Well, many may question exactly how Porter described the reality. The reality itself is beyond dispute. What we’re looking at here is a major realignment, and Donald Trump on the Republican side is, at least right now, the agent of that realignment. The question being asked on the front page of the business section of yesterday’s New York Times is whether or not the popularity of Donald Trump means the waning of religious power in the United States. Porter gets right to that point when he raises this issue,

“Donald Trump is not just the least religious Republican in the field, he is perceived as less religious than Hillary Clinton or even Bernie Sanders, who clearly resembles a secular European social democrat.”

That really tells us something as well. Voters talking about how they perceive candidates indicate that the least religious candidate in the race is at this point Donald Trump. And what makes that particularly striking is the fact that Bernie Sanders is in the race, who identifies himself as agnostic, very secular in viewpoint. But what that goes on to tell us is that voters looking at Bernie Sanders on the Democratic side see a religious impulse of some form, even if they don’t detect religious beliefs. When it comes to Donald Trump, on the other hand, voters seem to perceive neither deep religious beliefs nor, for that matter, any particular religious impulse. And the use of the word “religious” here is simply to acknowledge that it could come from any number of directions.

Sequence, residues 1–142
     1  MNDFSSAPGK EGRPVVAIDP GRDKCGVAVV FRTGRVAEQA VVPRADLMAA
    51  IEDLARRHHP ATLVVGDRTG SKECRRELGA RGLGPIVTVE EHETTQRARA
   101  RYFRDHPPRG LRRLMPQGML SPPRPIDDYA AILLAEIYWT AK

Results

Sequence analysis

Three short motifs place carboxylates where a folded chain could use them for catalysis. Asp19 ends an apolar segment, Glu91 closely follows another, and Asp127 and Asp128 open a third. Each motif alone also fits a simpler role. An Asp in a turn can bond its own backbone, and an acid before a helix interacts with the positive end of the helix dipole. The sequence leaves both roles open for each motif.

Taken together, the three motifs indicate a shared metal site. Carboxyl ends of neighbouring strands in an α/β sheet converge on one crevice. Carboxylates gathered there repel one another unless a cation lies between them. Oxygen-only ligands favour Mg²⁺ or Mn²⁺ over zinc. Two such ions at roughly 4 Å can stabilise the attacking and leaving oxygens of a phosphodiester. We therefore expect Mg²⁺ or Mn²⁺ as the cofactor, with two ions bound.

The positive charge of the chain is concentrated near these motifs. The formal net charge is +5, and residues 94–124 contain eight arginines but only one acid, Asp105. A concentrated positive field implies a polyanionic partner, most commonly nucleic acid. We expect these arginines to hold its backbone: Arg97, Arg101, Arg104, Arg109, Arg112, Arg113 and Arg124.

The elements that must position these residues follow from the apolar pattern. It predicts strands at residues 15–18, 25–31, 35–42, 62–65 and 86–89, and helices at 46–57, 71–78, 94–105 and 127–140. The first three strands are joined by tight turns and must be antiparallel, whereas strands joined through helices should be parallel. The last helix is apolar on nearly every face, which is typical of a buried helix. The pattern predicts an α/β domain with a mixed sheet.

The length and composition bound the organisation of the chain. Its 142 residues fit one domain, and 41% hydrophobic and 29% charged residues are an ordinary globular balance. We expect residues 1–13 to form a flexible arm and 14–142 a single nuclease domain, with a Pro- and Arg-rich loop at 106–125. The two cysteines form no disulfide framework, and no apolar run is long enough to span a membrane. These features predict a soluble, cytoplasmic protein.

Specifically, this article really isn’t about the waning power of religion in American public life; it’s raising the question about the waning power of Christianity, specifically in America’s public culture. Porter goes on to report,

“Given Mr. Trump’s serial marriages, the coarse sexual references and his multiple positions on abortion, it’s no surprise that fewer than half of Republicans view him as religious, according to a poll by the Pew Research Center this year.”

Porter goes on to make clear that most Americans, both those who support Trump and those who do not, see him driven by a worldview that is primarily shaped by economic populism and nativism. He goes on to say that,

“Americans remain exceptionally religious, compared to people in other rich nations. American scholars argue this is largely because the sharp line between church and state in the United States fostered vibrant competition among different religious flavors, which kept the flame alive.”

Now once again, that’s a dubious explanation, but the fact remains: Americans are, even as we are witnessing the secularization of our society, we are far behind the secularizing trends of other nations, particularly in Europe. Porter goes on to say,

“But religion’s appeal has been eroding in the United States since the end of the 1980s, according to research by Michael Hout of New York University and Claude Fischer of the University of California, Berkeley. In 1987, only one in 14 American adults expressed no religious preference. By 2012, the share had increased to one in five.”